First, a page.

Unidirectional switch-costs in oculomotor control are a result of a stimulus-response updating: Evidence from electroencephalography
23.427, Saturday, 17-May, 8:30 am - 12:30 pm, Banyan Breezeway
Jeff Weiler1, Cameron Hassall2, Olave Krigolson2, Matthew Heath1, 3; 1School of Kinesiology, The University of Western Ontario, 2Department of Psychology and Neuroscience, Dalhousie University, 3Graduate Program in Neuroscience, The University of Western Ontario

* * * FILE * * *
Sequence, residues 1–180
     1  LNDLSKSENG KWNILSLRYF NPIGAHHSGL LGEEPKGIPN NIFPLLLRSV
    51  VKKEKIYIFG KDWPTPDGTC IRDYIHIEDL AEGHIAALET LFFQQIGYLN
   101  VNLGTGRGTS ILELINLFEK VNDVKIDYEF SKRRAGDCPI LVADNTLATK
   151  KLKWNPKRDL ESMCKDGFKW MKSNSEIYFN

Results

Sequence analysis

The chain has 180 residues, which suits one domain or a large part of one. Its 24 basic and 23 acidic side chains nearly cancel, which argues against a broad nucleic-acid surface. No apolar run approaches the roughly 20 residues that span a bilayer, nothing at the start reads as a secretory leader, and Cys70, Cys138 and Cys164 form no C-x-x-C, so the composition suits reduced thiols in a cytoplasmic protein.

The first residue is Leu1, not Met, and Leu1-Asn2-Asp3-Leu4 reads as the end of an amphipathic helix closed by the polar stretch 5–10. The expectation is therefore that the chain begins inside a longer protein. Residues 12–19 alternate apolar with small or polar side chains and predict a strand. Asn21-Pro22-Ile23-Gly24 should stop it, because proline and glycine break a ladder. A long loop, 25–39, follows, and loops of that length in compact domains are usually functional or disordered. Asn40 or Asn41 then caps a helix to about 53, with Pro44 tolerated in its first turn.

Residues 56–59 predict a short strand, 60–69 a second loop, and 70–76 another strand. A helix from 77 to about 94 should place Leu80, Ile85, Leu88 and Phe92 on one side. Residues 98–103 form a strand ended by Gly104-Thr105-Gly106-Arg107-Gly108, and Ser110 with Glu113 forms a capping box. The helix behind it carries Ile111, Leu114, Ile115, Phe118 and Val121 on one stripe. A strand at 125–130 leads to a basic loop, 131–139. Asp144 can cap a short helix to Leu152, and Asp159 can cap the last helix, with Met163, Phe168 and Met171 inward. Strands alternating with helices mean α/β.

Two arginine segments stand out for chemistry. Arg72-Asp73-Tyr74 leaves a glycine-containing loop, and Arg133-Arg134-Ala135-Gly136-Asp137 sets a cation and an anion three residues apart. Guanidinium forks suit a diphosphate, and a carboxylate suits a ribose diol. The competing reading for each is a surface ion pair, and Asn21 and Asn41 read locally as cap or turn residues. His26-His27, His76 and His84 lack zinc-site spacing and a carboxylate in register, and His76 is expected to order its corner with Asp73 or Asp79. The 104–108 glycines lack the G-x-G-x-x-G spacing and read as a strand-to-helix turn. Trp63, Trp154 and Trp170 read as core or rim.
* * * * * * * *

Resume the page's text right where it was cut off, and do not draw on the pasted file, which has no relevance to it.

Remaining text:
Antisaccades require the top-down suppression of a stimulus-driven prosaccade (i.e., response suppression) and updating of normally direct stimulus-response (S-R) mappings to a context-dependent mirror-symmetrical location. Notably, the top-down control of antisaccades results in a response with longer reaction times (RT) than their prosaccade counterparts. Moreover, recent work by our group has shown the completion of an antisaccade lengthens the RT of a subsequent prosaccade; however, the converse ‘switch’ does not influence RT (i.e., the unidirectional prosaccade switch-cost). Thus, results demonstrate that response suppression and/or S-R context-updating engenders a residual inhibition of the oculomotor networks which support prosaccade planning. In order to determine whether response suppression and/or S-R context-updating contributes to the unidirectional prosaccade switch-cost we examined the event-related brain potentials (ERPs) associated with oculomotor task-switching. Specifically, we examined whether ERPs attributed to response suppression (i.e., N2) and/or S-R context-updating (i.e., P3) are related to the unidirectional prosaccade switch-cost. To that end, participants alternated between pro- and antisaccade in a randomized task-switching order while concurrently recording electroencephalography data. As expected, prosaccades preceded by antisaccades (i.e., task-switch prosaccades) had longer RTs than prosaccades preceded by prosaccades (i.e., task-repetition prosaccades), whereas the RTs of antisaccades were not modulated by the nature of the preceding task-type. In addition, the amplitude of the P3 – but not the N2 – elicited a reliable difference between task-switch and task-repetition prosaccades, whereas task-switch and task-repetition antisaccades did not yield reliable differences for either ERP component. Thus, RT differences associated with task-switch and task-repetition prosaccades are related to amplitude differences in the P3 waveform. As such, we propose that the unidirectional prosaccade switch-cost is not related to response suppression; rather, results suggest updating an internal mental model related to S-R compatibility engenders a residual inhibition of the oculomotor networks supporting the planning of prosaccades.